Ascomycota, genera » incertae sedis

Myriellina

Myriellina Höhn., Sber. Akad. Wiss. Wien, Math.-naturw. Kl., Abt. 1 124: 100 (1915)

Facesoffungi number: FoF 07455

Ascomycota, genera incertae sedis

Habit on leaves of Cydonia vulgaris (Rosaceae), Imperata cylindrica (Poaceae). Sexual morph: undetermined. Asexual morph: Conidiomata brown, acervular, solitary, subepidermal, immersed to erumpent, linear in outline, subglobose in section view, unilocular, glabrous. Ostiole indistinct, dehiscence by irregular rupture of the apical wall. Conidiomatal wall composed of thin-walled, pale brown cells of textura angularis extending into the hypodermis. Conidiophores arising from the inner cell layers of basal stroma, hyaline, cylindrical, simple or branched, septate, smooth-walled. Conidiogenous cells hyaline, enteroblastic, phialidic, cylindrical to lageniform or irregular, integrated or discrete, determinate, smooth-walled. Conidia hyaline, cylindrical to fusiform, tapered towards apex, truncate at the base, 1–5-septate (mostly 3-septate), smooth-walled.

Type species: Myriellina cydoniae (Desm.) Höhn., Sber. Akad. Wiss. Wien, Math.-naturw. Kl., Abt. 1 124: 100 (1915)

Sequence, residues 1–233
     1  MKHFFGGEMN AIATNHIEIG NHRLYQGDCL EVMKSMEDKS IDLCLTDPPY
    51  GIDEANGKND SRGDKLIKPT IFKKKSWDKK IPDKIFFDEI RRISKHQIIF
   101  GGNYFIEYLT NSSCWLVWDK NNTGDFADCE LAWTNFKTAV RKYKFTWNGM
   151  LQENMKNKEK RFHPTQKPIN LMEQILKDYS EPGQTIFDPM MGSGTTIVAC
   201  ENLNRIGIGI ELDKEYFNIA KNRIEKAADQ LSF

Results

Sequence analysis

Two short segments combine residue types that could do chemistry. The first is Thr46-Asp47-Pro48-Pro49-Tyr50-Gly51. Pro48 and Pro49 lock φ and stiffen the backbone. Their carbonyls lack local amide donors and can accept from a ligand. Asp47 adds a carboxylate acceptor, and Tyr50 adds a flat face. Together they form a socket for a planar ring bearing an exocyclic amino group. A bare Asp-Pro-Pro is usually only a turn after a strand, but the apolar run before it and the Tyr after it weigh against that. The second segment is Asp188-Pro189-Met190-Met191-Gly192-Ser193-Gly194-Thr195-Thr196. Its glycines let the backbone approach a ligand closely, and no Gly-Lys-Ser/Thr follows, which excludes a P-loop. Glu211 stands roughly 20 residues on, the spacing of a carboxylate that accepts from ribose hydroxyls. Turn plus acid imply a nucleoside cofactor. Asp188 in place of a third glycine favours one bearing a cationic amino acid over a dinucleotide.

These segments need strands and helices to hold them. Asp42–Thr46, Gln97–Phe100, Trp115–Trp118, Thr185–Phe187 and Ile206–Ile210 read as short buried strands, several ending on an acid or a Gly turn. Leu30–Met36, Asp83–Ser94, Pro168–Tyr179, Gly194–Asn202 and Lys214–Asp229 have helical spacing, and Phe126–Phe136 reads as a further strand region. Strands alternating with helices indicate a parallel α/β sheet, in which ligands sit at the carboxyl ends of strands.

Notes: Sutton (1980) re-described Myriellina and provided a detailed description for the genus. Sankaran and Sutton (1991) described the second species M. imperatae B. Sutton & Sankaran from Imperata cylindrica (Poaceae) in Australia. Myriellina imperatae differs from M. cydoniae by its larger conidia; (15.5–)22–40.5 × 1.5–2 µm in M. imperatae, and 9–17 × 2.5–3 µm in M. cydoniae (Sutton 1980, Sankaran and Sutton 1991). Both Myriellina species are associated with leaf lesions (Sutton 1980; Sankaran and Sutton 1991).

Myriellina is similar to Cheilaria in having acervular conidiomata and fusiform, septate conidia. The differences between those two genera are basal stroma and conidial septation. Cheilaria has basal stroma composed of rather thick-walled, dark brown to pale brown cells of textura angularis to textura epidermoidea, and 0–3-septate (usually 2-septate) conidia. Myriellina has basal stroma composed of thin-walled, pale brown cells of textura angularis, and 1–5-septate (usually 3-septate) conidia. However, conidial septation is not a sufficient character for generic delineation (Minnis et al. 2012). Thus, Cheilaria and Myriellina might be taxonomically congeneric. The differences of basal stroma between these two genera can be used to delineate taxa at the species level. There is no molecular data available for Cheilaria or Myriellina. Therefore, fresh collections are needed to verify our hypothesis.

Distribution: Australia, Italy (Sutton 1980; Sankaran and Sutton 1991).

 

Myriellina cydoniae (redrawn from Sutton 1980) a Conidia. b Vertical section of conidioma. c Conidiophores, conidiogenous cells and developing conidia.

 

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